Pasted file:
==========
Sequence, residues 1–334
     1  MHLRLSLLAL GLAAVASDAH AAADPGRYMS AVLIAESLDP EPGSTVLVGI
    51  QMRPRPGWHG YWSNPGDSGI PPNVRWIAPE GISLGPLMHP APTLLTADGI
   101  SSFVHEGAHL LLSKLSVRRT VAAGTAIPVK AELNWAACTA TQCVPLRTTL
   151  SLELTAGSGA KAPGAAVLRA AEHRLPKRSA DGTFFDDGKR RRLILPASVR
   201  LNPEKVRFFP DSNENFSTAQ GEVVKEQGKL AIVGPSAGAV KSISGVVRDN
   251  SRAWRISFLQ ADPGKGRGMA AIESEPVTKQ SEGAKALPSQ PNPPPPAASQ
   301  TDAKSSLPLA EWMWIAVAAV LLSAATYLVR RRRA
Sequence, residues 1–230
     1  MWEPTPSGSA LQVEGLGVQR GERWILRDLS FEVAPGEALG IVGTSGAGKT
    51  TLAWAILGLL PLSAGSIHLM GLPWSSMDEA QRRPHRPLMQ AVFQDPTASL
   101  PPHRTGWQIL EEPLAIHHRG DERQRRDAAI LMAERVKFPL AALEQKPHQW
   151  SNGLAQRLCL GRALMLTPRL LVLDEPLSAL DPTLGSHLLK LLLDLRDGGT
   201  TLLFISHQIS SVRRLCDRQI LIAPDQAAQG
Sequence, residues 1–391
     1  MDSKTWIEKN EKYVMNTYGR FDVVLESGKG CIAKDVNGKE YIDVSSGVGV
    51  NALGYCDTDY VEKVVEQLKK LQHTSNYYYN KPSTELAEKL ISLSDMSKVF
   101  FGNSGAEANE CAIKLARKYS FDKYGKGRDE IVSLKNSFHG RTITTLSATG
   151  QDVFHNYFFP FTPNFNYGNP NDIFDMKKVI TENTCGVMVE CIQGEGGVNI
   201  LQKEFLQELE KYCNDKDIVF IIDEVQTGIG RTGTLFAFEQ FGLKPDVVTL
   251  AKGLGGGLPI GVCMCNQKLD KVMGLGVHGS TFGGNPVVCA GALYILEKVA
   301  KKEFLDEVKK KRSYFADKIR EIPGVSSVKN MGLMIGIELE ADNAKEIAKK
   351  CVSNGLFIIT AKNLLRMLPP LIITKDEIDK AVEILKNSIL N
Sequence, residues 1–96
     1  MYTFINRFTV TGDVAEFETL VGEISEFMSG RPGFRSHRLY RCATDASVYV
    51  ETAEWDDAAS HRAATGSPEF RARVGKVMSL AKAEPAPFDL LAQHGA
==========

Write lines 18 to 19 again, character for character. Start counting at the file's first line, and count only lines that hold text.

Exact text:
   101  FGNSGAEANE CAIKLARKYS FDKYGKGRDE IVSLKNSFHG RTITTLSATG
   151  QDVFHNYFFP FTPNFNYGNP NDIFDMKKVI TENTCGVMVE CIQGEGGVNI